August 22, 2012


I first heard the phrase "a culture of lawfulness" at a book signing event for Leoluca Orlando, author of Fighting the Mafia and Renewing Sicilian Culture. The event was held in a meeting room at the Hay-Adams Hotel in Wash DC, an impossibly expensive place by mortal standards but what a wonderful venue! Given the opportunity to see the inside and sample some appetizers at someone else's expense... how could I decline? In actuality, I did want to hear from Orlando about his experiences battling the Mafia during the 1990s. As it turned out, he was not able to make the event but a very capable colleague of his spoke on his behalf. Mr. Orlando was mayor of Palermo, the capital of Sicily, in mid-1990s. He undertook the dangerous task of working with other groups--notably elements of the Catholic church, concerned citizens, the Press, and a handful of government officials at the national level--to combat the Mafia for control of the city. He realized that to unseat the Mafia dons, he would have to re-instill a 'culture of lawfulness' among the citizenry, i.e. a sense among the public that lawful conduct was not only a noble thing but essential to the longterm welfare of society at the most fundamental level. 

I don't know when the phrase was coined but many institutes, academics, and policy-wonks have adopted it when addressing the foundational attributes of a healthy society. The U.S. Institute of Peace defines rule of law as "an end state in which all individuals and institutions, public and private, and the state itself are held accountable to the law, which is supreme." Building on this principle, USIP goes on to address a culture of lawfulness this way: "the average person believes that formal laws are a fundamental part of justice or can be used to attain justice and that the justice system can enhance his or her life and society in general. Without a culture of lawfulness, the population will have no desire to access the system and may resort to violence to resolve grievances. For the rule of law to be fully realized, the population needs to follow the law and support its application voluntarily rather than through coercion." 

In other words, both the society and its government value a framework of law that applies to both equally and without arbitrariness. When the government, in particular, begins to act as though the law only applies when and where it sees fit, it loses the trust and confidence of the people. Study after study has shown that even young children sense when something isn't fair; when one person receives unmerited special treatment or another person is punished without just cause. When this occurs as the result of a government's arbitrary application of law, when favoritism is more influential than principle, when people lose the sense that they have a fair shot at having their case heard just as much as someone higher up the socio-economic ladder or affiliated with one political party over another...when a culture loses the sense that 'lawfulness' is important, desirable, noble, and good...the underpinnings of social, economic, and political stability begin to crumble.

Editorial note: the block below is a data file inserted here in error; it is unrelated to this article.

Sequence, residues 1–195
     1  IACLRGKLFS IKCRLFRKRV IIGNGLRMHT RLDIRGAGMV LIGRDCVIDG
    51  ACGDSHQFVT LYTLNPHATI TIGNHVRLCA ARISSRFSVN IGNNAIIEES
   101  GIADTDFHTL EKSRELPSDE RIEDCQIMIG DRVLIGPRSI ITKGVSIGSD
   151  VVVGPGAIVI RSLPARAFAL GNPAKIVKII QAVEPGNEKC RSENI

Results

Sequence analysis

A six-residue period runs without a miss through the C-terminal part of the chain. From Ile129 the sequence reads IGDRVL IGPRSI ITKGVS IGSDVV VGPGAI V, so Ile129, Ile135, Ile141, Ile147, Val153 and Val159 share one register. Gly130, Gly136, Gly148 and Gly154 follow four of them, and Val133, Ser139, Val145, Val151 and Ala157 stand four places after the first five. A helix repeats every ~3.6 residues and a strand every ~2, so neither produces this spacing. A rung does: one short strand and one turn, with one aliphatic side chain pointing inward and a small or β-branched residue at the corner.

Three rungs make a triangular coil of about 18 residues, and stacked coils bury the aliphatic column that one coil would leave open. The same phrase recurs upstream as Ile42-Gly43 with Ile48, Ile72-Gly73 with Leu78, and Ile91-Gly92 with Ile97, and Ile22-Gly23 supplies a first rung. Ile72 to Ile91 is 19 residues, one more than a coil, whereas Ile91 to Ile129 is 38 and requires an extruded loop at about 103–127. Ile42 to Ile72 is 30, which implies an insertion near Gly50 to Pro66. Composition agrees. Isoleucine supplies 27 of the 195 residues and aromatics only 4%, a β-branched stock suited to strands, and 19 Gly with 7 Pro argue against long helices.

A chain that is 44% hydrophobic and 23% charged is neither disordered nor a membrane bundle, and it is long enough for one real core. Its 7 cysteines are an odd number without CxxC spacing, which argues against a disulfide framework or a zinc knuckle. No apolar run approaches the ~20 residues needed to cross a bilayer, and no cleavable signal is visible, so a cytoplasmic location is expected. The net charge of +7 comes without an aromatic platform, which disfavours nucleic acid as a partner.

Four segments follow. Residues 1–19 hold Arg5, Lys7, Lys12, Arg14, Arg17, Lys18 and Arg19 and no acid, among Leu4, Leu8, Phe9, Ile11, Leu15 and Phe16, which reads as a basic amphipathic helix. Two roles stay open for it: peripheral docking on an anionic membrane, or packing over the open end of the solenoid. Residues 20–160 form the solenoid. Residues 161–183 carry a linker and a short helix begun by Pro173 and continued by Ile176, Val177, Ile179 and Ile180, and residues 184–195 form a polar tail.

All this came to mind as I read Prof. David Skeel's article, A Nation Adrift From the Rule of Law. Highlighting actions taken by our government in its response to the financial crisis of 2008, he thoughtfully extrapolates the dangers presented when the government uses a legal fig leaf to cover otherwise indefensible actions intended to pursue a specific agenda. As Skeel observes, while some extreme actions are understandable and even necessary in the midst of a crisis, they are deeply damaging when continued under false pretenses. Ultimately, they create a gulf of distrust and cynicism between the government and the people it is meant to serve. 

"Rule-of-law matters cannot be separated entirely from questions about the size and role of government. The more government grows, the harder it is to preserve rule-of-law virtues like transparency and clear rules of the game. But the rule of law is nevertheless a distinct and extraordinarily important concern, and it deserves separate consideration as the presidential campaign begins in earnest."

I agree with the Professor. Among all the other reasons making this upcoming election so important, the question of conduct by the Administration and Congress with respect to the "rule of law" in our country is among the most critical. We simply must rein-in our government and hold our elected officials accountable lest we completely lose sight of what has made our country as great as it has been.

1 comment:

  1. Charles Murray posits in Breaking Apart that there are two Americas developing. One, if I remember right, comprises about 10% to maybe 15% of the population, and then the rest. The 10% control almost absolutely all the levers of power. The problem is, the 10% know almost nothing of the others, nor do the others have much in common with the 10%. Additionally, if judged by behavior, the 10% are better adjusted and more stable socially than the bulk of the others.

    Now if that were true, it seems perfectly natural that the 10% would sort of exempt themselves from the law. The law would be seen as a tool to control the others who cannot match the standards of the 10%. And since the 10% know this, it further seems perfectly natural that they would think anything that they did was ok, just because they were the ones who did it. There is no reason for them to follow the law since it is in practice used to control a great mass of inferiors.

    Combine this pattern, if it is true and Mr. Murray is very convincing, with the great social immobility in the US, and we have the makings of a social order that our ancestors would not find so congenial.